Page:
“We really thought we lost the store,” she said. “We could tell where the fire was, and it looked like it was here. And it was — you can tell the firefighters really made a stand here, a stand to save our business.”
The back wall of one of the buildings was scorched, she said, and the landscape around the store was blackened and burned.
But Hill still had to deal with the fire’s aftermath.
“We put all the yarn that was here on sale,” she said. “We had some smoke damage, but it wasn’t too bad. Still, we wanted to give money to the Black Forest fire department, and we couldn’t sell the yarn at full-price.”
So the store and its customers — all of whom filled the space in the first days it was open — raised $1,000 for local firefighters. But Hill’s still worried.
“I might have to take out a short-term loan,” she said. “We were closed for two weeks, and we lost business — and now there’s all this re-ordering to do. We might have to do something to make sure we can ride this out.”
Many Black Forest businesses, particularly those near Black Forest and Shoup roads, were unscathed by the path of the fire.
“We’re one of the lucky ones,” said Frances Esty of the Black Forest Center, a 6,000-square-foot office building off Black Forest and White Fir.
The metal office building suffered no damage, despite charred trees just across the parking lot. “We’re trying to help where we can.”
The office center finds itself full as other businesses seek new space.
With one tenant moving out and another set to move in, “We’re scrambling right now,” Esty said.
Two local restaurants reported they are benefiting in the aftermath of the fire.
Rudy’s Roadhouse has seen an increase in business, said bartender Jennifer Spires.
“Mostly, we’ve had more business,” Spires said. “But we’ve heard a lot of sad stories.”
That’s how Sean Schickler, son of the owner of Firehouse Barbecue, characterized the business in the days since the fire. Evacuated for a week, Firehouse serves lunches to construction crews and other workers who are cleaning up and starting the rebuilding process.
“Business has been phenomenal ever since the fire,” he said. “We have so much more traffic. Since people found out about us, found out that we are still open, they are coming in just to try us out.”
Black Forest businesses are neighborhood businesses, and all of them are pulling together to bring a sense of normalcy back to the tree-lined roads in the El Paso County neighborhood. And for some, it was a repeat of last year.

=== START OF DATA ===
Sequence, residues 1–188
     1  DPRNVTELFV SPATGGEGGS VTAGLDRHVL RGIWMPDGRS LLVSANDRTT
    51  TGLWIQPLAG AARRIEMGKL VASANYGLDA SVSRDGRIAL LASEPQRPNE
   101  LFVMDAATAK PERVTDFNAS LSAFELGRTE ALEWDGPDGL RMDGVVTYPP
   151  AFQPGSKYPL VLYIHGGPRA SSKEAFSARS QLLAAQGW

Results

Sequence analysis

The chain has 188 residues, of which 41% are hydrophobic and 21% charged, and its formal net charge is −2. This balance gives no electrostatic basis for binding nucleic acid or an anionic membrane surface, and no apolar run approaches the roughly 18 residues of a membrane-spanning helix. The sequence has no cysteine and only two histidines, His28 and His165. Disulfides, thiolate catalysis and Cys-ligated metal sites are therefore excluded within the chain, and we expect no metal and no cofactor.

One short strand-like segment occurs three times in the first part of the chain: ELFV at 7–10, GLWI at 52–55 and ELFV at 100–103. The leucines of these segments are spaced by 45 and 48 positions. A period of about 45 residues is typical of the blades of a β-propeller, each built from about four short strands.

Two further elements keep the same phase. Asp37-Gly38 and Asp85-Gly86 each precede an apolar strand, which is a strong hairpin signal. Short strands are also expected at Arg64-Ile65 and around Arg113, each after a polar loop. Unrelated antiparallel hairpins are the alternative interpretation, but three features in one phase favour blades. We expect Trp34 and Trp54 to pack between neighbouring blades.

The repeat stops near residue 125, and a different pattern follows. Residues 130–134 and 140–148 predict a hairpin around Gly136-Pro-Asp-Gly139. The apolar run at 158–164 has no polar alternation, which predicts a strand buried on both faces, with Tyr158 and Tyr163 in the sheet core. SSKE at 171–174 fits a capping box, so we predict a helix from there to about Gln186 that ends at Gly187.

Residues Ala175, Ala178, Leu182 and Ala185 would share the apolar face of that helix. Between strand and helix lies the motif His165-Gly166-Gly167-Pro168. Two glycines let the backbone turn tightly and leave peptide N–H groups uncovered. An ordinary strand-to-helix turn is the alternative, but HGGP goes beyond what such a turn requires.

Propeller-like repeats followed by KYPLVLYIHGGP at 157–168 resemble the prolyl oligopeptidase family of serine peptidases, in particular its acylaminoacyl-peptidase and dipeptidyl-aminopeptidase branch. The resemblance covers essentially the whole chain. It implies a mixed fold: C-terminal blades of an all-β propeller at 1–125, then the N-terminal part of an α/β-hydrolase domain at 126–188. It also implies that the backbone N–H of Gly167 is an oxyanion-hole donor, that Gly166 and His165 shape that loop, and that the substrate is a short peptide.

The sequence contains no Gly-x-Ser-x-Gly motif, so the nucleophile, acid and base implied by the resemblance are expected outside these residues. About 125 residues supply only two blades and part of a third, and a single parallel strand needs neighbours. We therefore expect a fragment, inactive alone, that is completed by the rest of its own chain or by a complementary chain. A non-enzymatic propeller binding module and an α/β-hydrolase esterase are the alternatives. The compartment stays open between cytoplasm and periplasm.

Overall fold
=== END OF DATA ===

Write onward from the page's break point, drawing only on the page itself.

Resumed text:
Jason Crawford, of Action Demolition and Excavating, operated a backhoe Friday at a home destroyed by the Black Forest fire. For him, it was a return to the ashes, as Action had worked removing debris after the Waldo Canyon fire.
“It’s all a community effort,” Crawford said.
Even though the rebuilding will continue for months, business owners said they are hopeful they can weather the economic aftermath of the fire. Marcoulier said the SBDC is using lessons learned from Waldo Canyon to ease the process.
“It’s still early, and we expect losses to go up significantly,” she said.
“We have set up ZIP codes that we think will be affected, and we’re doing intake calls. We’ve already helped several businesses with loan information, packets about what to do,” she said.
“We expect we’ll see more in the next months, as people sort out what to do next.”
Amy Gillentine contributed to this story.
Waldo Canyon fire:
Estimated economic loss: $9.5 million
Estimated physical loss: $2.4 million
Info packets sent: 900
Outbound calls: 2,600
SBDC consulting sessions: 243
SBA loan applications: 19
SBA loans approved: $425,500
Total estimated loss: $12 million
Black Forest fire (early estimates)
Estimated economic loss: $1.6 million
Estimated physical loss: $39.4 million
Info packets sent: 93
Outbound calls (started July 3): Not yet calculated
SBDC consulting sessions: 93
SBA loan applications: Not yet determined
SBA loans approved: Not yet determined
Total estimated economic and physical losses: $41.1 million
(Source: Small Business Development Center)